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China strongly opposes Trump's hefty tariffs on steel, aluminium imports

China strongly opposes Trump's hefty tariffs on steel, aluminium imports

The UK will seek an exemption from President Donald Trump's tariffs on steel and aluminium imports to the U.S., according to Trade Secretary Liam Fox.

Canada and Mexico are exempt from the tariffs, but only conditionally and for now. China is the world's biggest steelmaker, and has been seen largely as the target of these tariffs, even though Chinese steel accounts for but a fraction of US imports.

His trade adviser Peter Navarro said in a television interview on Wednesday that Canada and Mexico would be excluded for now as negotiations continue on the North American Free Trade Agreement.

President Donald Trump rolled out the new steel and aluminum tariffs on Thursday.

Lynch, a former ironworker, acknowledged that some countries are flooding the US with cheap steel, but stressed a more targeted approach would have been better. In a statement, a company spokesman said,"We anticipate these remedies will increase the demand for steel produced in the United States".

Trump signed two proclamations that levied a 25 per cent tariff on steel and a 10 per cent tariff on aluminium imported from all countries except Canada and Mexico.

The UK's top trade official, Liam Fox, said on Thursday evening in Britain that "the way that the United States is going about this is wrong".

"No one can doubt that China has created massive overcapacity in steel and aluminum production that distorts world markets and depresses steel and aluminum prices", Rep. Steny Hoyer, a Southern Maryland Democrat, said on Thursday.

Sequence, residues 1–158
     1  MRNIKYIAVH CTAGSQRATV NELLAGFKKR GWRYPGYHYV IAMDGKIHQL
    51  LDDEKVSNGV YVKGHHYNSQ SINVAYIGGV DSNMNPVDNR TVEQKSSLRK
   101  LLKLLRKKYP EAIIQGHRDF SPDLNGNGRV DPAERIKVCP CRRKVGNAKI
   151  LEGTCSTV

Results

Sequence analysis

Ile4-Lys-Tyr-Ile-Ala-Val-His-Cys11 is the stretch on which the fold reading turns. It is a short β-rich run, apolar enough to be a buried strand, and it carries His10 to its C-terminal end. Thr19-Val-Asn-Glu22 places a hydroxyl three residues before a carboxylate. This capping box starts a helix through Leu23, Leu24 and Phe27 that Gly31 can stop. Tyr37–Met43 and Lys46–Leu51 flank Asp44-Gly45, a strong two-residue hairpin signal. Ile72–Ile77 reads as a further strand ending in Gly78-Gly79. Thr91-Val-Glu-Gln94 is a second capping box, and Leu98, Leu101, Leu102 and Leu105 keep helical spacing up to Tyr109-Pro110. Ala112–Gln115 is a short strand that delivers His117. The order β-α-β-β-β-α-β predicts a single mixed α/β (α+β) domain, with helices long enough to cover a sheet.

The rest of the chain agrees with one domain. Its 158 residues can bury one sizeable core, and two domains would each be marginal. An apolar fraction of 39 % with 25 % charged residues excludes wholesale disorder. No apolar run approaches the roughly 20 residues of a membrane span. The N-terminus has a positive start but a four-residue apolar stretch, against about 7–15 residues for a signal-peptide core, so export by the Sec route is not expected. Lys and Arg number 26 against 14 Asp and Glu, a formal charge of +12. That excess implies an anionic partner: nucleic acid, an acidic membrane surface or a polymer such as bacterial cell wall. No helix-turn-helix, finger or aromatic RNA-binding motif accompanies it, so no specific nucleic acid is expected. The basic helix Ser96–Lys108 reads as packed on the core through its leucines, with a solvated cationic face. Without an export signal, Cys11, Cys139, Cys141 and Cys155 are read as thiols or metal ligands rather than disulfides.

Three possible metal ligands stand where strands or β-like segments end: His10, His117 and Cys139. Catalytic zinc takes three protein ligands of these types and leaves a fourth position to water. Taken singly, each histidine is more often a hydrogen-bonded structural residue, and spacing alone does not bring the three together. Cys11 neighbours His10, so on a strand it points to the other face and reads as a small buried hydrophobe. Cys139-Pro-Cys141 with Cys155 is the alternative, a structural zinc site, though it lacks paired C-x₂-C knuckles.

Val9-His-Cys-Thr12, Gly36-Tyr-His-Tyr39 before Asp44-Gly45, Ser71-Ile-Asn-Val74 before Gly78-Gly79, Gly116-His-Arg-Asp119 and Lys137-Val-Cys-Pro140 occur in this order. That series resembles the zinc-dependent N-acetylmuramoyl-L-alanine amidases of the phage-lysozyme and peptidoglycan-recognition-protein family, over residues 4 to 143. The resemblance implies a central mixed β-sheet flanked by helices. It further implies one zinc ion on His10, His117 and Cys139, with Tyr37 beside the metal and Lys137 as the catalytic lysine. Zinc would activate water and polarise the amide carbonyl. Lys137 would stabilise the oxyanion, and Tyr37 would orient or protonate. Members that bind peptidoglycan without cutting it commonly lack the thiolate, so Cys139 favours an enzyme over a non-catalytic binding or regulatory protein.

The US President said the stage for the imposition of reciprocal tax has been set in the first year of his administration. Other countries will be able to apply for exemptions on the tariffs providing they can demonstrate "alternative means" for addressing the concerns that their steel and aluminum imports damage USA security interests. He further said that the country was losing $500 billion a year to China and something had to be done.

If tariffs are waived or lowered for some countries, they will have to be adjusted upward for other countries, according to the administration official. But the tariff regime was softened at the last minute to spare Canada and Mexico, albeit temporarily, while the USA and its neighbours renegotiate the North American Free Trade Agreement. During a cabinet meeting earlier in the day, Mr. Trump singled out Australia as an example of another country that could be excluded, citing the trade surplus that the United States maintains with Australia, which imports more from America than it exports to the country.

The president's comments came after a frenzied and uncertain morning in which administration officials tried to resolve debates and complications that threatened to hold up an order he has been trumpeting for a week. The process of announcing the penalties has been the subject of an intense debate and chaotic exchanges within the White House, pitting hard-liners against free trade advocates such as outgoing economic adviser Gary Cohn aiming to add more flexibility for US trading partners.

Flanked by a handful of steel and aluminium workers, Trump presented the move as a way to rebuild vital industries decimated by foreign competition.

Britain, meanwhile, said it would "work with European Union partners to consider the scope for exemptions outlined today", saying "tariffs are not the right way" to tackle the problem of global over-capacity in steel.

There was some bipartisan concurrence on the idea of focusing any tariff plan on China rather than more broadly.

China was quick to respond to Trump's announcement.